Britain's Treasury chief George Osborne has told the House of Commons that his controversial cuts to tax credits will be scrapped altogether.
Delivering the Autumn Statement and the Spending Review on Wednesday, Osborne said he's listened to the concerns of the people about the tax credit change.
"I’ve had representations that these changes to tax credits should be phased in. I’ve listened to the concerns. I hear and understand them," he said.
"And because I’ve been able to announce today an improvement in the public finances, the simplest thing to do is not to phase these changes in, but to avoid them altogether. Tax credits are being phased out anyway as we introduce universal credit. What that means is that the tax credit taper rate and thresholds remain unchanged."
Tax credits, which were increased by Gordon Brown during the last Labour government, are benefits for lower-paid people who are in employment. More than 4 million claim the benefit, with the average tax credit per year working out at £6,340.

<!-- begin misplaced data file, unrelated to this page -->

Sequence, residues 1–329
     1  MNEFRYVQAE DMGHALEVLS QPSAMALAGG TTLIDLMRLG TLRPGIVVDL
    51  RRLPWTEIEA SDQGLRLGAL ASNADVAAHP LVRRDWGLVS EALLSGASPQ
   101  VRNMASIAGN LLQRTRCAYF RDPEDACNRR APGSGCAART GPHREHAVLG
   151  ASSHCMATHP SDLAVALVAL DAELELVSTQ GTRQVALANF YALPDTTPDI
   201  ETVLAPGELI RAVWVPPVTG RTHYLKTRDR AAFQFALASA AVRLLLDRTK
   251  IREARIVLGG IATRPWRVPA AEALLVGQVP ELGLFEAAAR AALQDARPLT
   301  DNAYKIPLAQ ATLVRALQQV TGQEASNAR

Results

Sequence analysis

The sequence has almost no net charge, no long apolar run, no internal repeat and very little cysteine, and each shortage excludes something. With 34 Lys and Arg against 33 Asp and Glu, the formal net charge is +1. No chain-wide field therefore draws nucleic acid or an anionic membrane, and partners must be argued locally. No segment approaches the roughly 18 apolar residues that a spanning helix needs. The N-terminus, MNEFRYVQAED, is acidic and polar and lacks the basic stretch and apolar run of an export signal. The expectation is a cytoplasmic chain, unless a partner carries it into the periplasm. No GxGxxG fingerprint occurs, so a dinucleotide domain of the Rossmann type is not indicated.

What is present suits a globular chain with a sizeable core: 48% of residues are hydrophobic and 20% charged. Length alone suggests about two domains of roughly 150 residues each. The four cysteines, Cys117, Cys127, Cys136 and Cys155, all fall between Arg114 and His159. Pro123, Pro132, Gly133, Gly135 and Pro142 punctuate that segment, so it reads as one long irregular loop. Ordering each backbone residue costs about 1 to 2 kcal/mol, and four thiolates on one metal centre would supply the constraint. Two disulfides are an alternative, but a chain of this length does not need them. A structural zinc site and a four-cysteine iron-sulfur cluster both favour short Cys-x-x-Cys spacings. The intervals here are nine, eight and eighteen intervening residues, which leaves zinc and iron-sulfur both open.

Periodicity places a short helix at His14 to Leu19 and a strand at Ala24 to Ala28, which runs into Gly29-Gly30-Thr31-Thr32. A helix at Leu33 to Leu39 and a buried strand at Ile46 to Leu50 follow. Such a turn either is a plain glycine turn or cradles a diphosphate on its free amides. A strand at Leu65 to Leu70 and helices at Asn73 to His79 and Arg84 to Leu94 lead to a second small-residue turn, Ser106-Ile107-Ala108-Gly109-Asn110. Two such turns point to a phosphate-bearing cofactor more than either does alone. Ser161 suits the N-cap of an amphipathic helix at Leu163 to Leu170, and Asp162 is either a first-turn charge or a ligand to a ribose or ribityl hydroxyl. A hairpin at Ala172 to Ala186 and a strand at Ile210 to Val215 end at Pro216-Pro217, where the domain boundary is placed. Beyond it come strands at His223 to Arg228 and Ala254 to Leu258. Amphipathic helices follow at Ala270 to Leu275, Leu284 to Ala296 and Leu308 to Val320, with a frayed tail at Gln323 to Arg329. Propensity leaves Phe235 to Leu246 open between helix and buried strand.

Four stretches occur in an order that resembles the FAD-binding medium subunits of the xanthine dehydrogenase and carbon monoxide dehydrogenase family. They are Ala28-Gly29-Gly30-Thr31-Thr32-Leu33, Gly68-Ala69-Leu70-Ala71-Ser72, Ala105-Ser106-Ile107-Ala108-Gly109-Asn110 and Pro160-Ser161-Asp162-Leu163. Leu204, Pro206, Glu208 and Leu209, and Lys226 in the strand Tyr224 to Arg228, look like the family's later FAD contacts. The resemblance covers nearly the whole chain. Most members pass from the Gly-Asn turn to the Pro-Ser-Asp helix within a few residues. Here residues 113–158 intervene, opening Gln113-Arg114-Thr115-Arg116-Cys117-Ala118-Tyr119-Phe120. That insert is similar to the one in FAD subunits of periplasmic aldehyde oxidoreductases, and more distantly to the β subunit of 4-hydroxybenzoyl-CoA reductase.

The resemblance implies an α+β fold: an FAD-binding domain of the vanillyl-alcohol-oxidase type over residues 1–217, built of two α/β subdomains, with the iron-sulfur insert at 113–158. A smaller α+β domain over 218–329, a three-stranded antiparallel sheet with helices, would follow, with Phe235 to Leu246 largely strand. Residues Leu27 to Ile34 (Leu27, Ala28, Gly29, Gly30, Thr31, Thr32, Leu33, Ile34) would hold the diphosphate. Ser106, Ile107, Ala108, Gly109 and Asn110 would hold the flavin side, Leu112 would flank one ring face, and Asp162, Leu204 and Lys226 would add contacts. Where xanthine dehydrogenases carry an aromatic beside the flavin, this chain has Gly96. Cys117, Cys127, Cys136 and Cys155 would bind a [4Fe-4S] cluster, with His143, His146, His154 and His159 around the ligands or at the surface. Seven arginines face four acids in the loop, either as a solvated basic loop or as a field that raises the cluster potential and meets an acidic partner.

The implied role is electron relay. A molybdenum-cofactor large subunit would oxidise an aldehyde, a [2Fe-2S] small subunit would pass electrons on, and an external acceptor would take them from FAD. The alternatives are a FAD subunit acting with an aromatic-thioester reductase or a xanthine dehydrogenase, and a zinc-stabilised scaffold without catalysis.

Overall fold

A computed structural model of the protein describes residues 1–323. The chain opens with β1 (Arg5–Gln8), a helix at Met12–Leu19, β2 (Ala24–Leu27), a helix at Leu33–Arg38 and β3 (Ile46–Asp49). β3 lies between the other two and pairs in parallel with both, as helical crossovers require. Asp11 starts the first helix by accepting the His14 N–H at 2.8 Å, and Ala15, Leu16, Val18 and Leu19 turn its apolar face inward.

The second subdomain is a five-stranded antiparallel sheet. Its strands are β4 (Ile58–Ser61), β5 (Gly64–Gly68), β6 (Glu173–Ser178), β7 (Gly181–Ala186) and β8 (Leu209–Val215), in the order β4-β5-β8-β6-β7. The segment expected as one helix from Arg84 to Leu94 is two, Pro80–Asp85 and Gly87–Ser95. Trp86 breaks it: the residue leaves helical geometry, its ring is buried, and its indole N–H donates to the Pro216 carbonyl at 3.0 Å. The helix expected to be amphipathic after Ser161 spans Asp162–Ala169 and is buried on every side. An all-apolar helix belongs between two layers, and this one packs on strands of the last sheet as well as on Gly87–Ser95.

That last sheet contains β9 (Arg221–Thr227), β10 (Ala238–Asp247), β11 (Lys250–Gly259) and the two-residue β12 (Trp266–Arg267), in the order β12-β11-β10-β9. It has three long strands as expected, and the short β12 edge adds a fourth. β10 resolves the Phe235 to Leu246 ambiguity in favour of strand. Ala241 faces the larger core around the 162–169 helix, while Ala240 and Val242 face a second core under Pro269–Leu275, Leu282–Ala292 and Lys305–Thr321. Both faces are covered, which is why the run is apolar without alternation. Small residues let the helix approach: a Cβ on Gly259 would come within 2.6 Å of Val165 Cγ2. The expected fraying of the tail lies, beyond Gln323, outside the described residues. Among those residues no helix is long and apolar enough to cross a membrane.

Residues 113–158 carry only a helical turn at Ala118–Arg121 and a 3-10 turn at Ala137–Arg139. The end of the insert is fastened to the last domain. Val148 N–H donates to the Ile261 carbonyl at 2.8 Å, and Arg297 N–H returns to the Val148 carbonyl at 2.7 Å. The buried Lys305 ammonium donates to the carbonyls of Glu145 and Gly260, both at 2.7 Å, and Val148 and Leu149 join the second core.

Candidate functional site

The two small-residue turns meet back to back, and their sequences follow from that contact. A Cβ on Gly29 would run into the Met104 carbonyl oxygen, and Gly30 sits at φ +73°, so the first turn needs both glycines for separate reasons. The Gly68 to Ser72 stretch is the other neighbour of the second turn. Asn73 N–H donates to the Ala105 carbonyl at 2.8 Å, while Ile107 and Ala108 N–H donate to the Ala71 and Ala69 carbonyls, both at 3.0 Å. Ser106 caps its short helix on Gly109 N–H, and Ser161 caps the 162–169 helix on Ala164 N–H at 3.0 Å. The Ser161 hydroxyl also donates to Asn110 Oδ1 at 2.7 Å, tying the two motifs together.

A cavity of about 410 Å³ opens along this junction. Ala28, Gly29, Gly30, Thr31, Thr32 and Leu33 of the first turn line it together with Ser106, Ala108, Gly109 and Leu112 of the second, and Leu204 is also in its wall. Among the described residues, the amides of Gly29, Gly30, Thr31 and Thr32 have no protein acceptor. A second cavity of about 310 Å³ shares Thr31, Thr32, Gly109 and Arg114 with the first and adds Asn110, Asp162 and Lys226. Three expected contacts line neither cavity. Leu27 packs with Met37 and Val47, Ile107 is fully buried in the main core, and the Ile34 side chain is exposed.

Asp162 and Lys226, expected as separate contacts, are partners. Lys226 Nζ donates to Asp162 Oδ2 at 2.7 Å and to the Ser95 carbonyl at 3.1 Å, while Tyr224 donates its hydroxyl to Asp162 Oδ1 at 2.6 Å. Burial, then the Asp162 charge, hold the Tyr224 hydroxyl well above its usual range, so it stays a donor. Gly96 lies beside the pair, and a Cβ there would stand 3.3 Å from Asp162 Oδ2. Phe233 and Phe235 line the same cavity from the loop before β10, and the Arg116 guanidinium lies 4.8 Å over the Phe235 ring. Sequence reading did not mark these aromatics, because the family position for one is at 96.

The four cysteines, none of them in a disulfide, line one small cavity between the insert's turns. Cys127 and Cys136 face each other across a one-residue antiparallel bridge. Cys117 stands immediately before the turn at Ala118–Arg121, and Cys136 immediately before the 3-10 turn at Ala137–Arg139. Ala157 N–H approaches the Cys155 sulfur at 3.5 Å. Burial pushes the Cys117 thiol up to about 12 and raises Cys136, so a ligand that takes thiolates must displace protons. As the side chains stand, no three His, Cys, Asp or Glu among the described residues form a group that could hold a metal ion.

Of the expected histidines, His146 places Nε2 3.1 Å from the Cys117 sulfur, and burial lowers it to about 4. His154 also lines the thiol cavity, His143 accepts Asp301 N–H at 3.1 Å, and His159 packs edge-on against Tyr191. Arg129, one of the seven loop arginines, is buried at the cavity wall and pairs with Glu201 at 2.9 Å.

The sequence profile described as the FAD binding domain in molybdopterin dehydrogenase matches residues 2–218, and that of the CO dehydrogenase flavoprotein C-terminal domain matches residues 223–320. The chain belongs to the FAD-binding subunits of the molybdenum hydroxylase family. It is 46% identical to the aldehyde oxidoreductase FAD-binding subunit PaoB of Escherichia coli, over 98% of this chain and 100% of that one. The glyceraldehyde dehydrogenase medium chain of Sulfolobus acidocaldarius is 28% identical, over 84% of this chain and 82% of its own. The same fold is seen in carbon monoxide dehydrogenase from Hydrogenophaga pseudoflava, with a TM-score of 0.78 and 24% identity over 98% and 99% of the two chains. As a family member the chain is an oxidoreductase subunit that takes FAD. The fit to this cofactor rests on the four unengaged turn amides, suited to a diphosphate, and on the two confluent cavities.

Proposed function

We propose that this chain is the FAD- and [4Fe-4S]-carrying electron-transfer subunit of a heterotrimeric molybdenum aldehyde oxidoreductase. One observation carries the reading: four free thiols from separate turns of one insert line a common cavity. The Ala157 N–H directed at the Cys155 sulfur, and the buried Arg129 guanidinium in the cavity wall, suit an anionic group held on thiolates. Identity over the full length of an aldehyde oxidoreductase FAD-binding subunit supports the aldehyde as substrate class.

There was widespread opposition to Osborne's plans to scrap the credit, including from other Conservative MPs. Last month, the government was dealt another blow to their plan after the House of Lords voted to delay the cuts by a vote of 289 to 272.
The Autumn Statement — one of two showpiece budget updates — gives Osborne an opportunity to lay out his spending priorities. It's accompanied by economic forecasts from the Office of Budget Responsibility.